Wednesday, April 6, 2011

Potnia Theron

photo from

Hymn 9 to Artemis

Sing Muse, of Artemis,
Sister of the far worker.
Virgin spitter of arrows,
Fed at the same table as Apollo.

She refreshes her horses
The waters of reedy thick Meletos.

Swiftly through Smyrna
She drives her golden chariot
To Klaros rich in vines while
Apollo of the silver bow awaits
The arrow-pourer.

Hail Goddess! At the same time
Embroider lyrics. Of you I sing.
And now I shall pass over
Into another mournful song.

this one from

some words on Artemis

Artemis has many different guises, she seemed to start as a fertility goddess, as in Artemis of Ephusus and later takes the role of the virgin mistress of wild animals. She is quite cruel in her protection of her sacred animals, and in the protection of her virginity.

When I read of Artemis and Apollo and the serenity with which they can torture and kill us mortals I am reminded of Rilke's Angels from the first of his Duino Elegies. (which was written in Trieste while Joyce was writing Ulysses.)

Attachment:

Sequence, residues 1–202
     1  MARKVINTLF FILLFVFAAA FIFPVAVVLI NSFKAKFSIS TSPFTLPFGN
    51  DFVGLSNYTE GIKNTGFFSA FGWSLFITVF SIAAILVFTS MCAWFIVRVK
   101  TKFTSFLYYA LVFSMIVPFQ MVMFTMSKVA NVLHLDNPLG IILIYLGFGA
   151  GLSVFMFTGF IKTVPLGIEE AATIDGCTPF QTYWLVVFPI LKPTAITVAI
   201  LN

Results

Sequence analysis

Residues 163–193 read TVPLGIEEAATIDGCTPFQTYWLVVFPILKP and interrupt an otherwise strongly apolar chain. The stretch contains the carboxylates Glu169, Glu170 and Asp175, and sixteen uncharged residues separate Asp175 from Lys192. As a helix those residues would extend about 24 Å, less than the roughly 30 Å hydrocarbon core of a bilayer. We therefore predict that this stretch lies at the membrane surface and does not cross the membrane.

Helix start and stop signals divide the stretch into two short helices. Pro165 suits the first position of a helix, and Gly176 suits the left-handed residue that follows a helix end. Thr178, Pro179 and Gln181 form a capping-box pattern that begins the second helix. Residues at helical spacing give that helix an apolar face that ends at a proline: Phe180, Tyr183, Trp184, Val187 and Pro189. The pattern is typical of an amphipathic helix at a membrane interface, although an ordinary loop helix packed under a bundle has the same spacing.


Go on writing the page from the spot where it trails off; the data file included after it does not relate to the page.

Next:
Who, if I cried out, would hear me among the Angelic
Orders? And even if one were to suddenly
take me to its heart, I would vanish into its
stronger existence. For beauty is nothing but
the beginning of terror, that we are still able to bear,
and we revere it so, because it calmly disdains
to destroy us. Every Angel is terror.

Ekatos - the far shooter, a name for Apollo, the younger twin brother to Artemis.

Iocheairan - This word is commonly translated as arrow pourer. Ios is the word for arrow as well as the word for venom. I combined the arrow and the venom of the snake and made the image of the mistress of the wild beasts (potnia theron) spitting arrows, as a snake will spit venom.

Bathuschoinoio - combining Bathos; deep, used in many metaphorical ways as well, including the connotation that is still current, profound, and schoinos which means reeds. Coincidently schoinos can be used to mean arrow or javelin.

Meletos a river, which may have been near to city of Smyrna.

Kleros - a site sacred to Apollo, where there was once an oracle.

Humnos - a hymn, but also a word with wider intimations, a simple strain or melody but also a hymn, an ode to the gods, but also a mournful song. As all art has an element of sorrow I used to translation of mournful song.

Again I am no scholar in the classics, but a vain and puny amateur who gains enjoyment trying to make sense of the word about us.

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